I've officially given up on Extant. It started out pretty interesting, but by last week seemed to be flagging. And this week I turned it off halfway through. It was simply one too many clichés for me: the alcoholic dad/grandpa using the grandson for a con. And what was with pulling out a random brother backstory for Camryn Manheim's character? I was done.
Under other circumstances, with so little to pick from over the summer television season, I might have felt differently and stuck Extant out. But unfortunately for that show, I'd recently decided to try Orphan Black. And Orphan Black is just so much better paced, and so much more interesting, that Extant never stood a chance. (I'm only about five episodes into OB, so no spoilers, please.)
It's an interesting quandary for television makers. Not only are they competing with things people have previously recorded on their DVRs, they must also contend against whatever is available streaming and On Demand. Shows from years ago are rivals for today's more recent offerings. Someone like me, unimpressed with whatever is currently on, can easily go get hooked on something "new" that's really just old but that I'd overlooked.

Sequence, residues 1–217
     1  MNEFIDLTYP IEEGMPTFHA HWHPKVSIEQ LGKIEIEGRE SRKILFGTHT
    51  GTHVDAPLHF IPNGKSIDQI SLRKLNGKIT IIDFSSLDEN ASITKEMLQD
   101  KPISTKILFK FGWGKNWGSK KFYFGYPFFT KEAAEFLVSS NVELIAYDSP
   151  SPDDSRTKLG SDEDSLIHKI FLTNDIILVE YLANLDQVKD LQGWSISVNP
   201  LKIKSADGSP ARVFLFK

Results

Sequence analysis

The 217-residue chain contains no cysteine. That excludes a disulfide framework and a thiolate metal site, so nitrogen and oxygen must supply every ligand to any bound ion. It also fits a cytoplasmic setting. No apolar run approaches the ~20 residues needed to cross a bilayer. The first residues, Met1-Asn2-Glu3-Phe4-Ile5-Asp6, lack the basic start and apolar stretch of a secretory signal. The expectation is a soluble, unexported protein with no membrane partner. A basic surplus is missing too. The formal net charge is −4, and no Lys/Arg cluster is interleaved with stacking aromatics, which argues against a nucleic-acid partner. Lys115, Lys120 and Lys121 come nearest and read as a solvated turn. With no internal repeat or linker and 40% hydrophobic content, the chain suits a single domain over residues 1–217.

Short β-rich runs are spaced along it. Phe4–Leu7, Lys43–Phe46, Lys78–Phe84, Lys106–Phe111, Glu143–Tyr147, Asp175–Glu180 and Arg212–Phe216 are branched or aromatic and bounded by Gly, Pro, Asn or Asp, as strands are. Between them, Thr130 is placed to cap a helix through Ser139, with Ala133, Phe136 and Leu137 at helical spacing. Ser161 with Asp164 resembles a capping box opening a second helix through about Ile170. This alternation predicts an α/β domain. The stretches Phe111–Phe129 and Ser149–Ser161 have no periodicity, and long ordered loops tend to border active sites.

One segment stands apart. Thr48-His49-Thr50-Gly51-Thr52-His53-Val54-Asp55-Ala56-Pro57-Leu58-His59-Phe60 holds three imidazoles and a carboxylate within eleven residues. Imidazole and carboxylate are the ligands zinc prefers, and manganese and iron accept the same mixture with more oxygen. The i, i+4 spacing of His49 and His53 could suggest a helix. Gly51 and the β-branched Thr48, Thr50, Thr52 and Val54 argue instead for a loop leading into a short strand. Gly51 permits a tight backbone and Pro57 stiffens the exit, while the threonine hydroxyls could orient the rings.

On the flip side, if I ever do feel like wandering back to Extant, I'm sure it will be equally available to me without my having to watch it right now.
I've said it before, but it's the lack of urgency that is strangling most television shows. If the program can't make us feel we must see it right when it airs—if it is not the stuff of office chatter and online insanity—it has failed to clear a major hurdle. Of course, many shows are glad to have viewers at all, even if they defer their viewing a day or two (or seven). This speaks to the fragmentation that has occurred: Live + Same Day, +3, +7 . . . Ever stretching those ratings numbers . . . But at what point does it become useless to the advertisers? A movie opening on Friday airing a promo that might not be seen for another week (assuming it's not just fast forwarded through anyway) . . . And yet, if the movie stays in the cinema at least a week, maybe it's not a complete loss?
It's complicated, and the more ways (and times) of viewing, the more complicated it will become.
But that's for the television people to figure out. For me, it's this simple: There's nothing on current TV that I'm much interested in, so I've gone looking for something else and found Orphan Black. Current TV's job? To stop me from looking for anything else.